Helicobacter pylori is said to cause atrophy of the gastric corpus and enterochromaffin-like cell proliferation in gastro-oesophageal reflux disease (GERD) patients treated long-term with a proton pump inhibitor.


To determine the effect of H. pylori infection on gastritis, enterochromaffin-like cell density and hyperplasia, mucosal atrophy and serum gastrin in patients with gastric hypersecretion (basal acid output gt; 15 mmol/h) with either hypergastrinemia (Zollinger–Ellison syndrome) or normal gastrin (non-Zollinger–Ellison syndrome) before and during long-term treatment with lansoprazole.


Lansoprazole was individually titrated to reduce basal acid output to < 5 mmol/h (< 1 mmol/h in post-surgical Zollinger–Ellison syndrome). Gastric corpus biopsies were obtained every 6 months before treatment and up to 8 years later.


H. pylori was present in corpus biopsies in ≈ 50%, causing active gastritis which resolved rapidly in 15 subjects after elimination of H. pylori. Patchy mild/moderate corpus atrophy was present at entry in two and at the end in four out of 60 patients, one being H. pylori-positive. Intestinal metaplasia (< 10%) was seen in six isolated biopsies (1% of total). H. pylori did not affect serum gastrin, enterochromaffin-like cell density or hyperplasia. Enterochromaffin-like cell density was twice as high in Zollinger–Ellison syndrome as in non-Zollinger–Ellison syndrome patients (241 vs. 126 cells/mm2, P < 0.001). Enterochromaffin-like cells remained normal in the non-Zollinger–Ellison syndrome hypersecretors regardless of H. pylori status.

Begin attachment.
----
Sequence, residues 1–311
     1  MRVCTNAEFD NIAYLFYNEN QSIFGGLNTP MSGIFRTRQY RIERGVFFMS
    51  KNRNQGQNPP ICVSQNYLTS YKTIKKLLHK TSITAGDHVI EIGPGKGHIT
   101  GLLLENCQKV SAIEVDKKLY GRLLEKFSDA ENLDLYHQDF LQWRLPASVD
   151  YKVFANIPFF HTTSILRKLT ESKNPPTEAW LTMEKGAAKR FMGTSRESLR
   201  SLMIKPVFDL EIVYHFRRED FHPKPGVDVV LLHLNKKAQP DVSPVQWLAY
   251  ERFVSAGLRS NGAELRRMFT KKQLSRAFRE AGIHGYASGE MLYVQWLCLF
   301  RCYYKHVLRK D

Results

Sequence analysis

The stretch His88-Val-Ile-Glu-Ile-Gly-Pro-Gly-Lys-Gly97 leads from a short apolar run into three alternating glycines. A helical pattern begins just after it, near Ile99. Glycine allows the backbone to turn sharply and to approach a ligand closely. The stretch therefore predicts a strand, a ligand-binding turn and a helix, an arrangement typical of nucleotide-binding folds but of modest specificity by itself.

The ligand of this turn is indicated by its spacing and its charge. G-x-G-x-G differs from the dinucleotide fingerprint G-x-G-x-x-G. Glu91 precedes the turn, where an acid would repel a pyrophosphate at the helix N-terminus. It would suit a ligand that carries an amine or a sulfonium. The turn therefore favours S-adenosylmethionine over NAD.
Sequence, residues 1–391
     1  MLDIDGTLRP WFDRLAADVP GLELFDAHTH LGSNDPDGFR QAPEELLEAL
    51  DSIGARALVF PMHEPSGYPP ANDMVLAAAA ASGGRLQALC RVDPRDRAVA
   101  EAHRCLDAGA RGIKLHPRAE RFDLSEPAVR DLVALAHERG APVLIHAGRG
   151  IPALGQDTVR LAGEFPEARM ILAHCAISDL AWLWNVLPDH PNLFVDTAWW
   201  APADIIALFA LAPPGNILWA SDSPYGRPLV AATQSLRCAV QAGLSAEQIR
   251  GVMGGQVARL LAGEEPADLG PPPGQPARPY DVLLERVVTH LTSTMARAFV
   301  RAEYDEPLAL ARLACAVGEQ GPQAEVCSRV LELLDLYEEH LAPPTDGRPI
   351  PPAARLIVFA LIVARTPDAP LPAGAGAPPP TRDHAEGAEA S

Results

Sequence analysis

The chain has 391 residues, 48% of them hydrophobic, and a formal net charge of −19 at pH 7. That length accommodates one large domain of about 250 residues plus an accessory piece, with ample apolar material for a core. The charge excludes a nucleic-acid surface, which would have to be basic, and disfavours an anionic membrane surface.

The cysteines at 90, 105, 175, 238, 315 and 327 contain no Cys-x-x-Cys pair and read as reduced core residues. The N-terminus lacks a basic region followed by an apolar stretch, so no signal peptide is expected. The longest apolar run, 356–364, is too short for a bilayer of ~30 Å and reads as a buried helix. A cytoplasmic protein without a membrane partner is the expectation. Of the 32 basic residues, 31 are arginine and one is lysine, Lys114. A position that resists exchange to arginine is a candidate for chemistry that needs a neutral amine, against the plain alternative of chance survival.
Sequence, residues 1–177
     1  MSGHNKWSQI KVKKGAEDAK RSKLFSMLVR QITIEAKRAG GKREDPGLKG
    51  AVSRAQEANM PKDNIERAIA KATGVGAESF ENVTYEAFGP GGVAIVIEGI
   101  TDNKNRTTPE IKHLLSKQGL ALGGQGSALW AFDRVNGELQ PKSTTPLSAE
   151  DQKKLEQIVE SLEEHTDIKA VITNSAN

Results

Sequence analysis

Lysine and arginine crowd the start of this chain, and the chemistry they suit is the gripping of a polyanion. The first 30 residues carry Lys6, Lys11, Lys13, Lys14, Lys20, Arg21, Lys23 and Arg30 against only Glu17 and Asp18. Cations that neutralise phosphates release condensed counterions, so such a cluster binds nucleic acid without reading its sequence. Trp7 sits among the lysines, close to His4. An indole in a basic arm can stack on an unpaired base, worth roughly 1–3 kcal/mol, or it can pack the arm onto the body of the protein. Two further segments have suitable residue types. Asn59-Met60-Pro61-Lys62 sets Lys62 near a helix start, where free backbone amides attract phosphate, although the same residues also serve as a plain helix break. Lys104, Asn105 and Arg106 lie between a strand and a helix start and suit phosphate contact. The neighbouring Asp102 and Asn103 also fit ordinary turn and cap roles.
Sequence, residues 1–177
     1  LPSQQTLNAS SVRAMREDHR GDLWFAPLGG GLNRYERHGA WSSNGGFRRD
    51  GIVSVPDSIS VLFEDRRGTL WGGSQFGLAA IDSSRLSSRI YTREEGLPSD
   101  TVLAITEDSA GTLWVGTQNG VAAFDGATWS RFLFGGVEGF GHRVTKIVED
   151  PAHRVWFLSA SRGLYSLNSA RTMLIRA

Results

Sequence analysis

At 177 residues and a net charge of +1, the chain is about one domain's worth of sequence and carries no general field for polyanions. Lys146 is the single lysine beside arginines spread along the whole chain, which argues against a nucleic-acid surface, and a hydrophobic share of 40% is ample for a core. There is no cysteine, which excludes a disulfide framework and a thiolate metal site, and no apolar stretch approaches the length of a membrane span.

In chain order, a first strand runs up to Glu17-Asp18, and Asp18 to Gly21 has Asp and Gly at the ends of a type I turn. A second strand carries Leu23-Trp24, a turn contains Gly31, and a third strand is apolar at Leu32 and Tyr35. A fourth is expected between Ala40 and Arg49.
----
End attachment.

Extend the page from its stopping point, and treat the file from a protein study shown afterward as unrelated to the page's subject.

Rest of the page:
Corpus enterochromaffin-like cell increases were related to serum gastrin elevation, but neither H. pylori nor long-term treatment with lansoprazole alone or together had any effect on enterochromaffin-like cell density or hyperplasia. Corpus acute gastritis resulted from H. pylori infection, but did not result in mucosal atrophy despite long-term proton pump inhibitor treatment and promptly resolved with loss of H. pylori.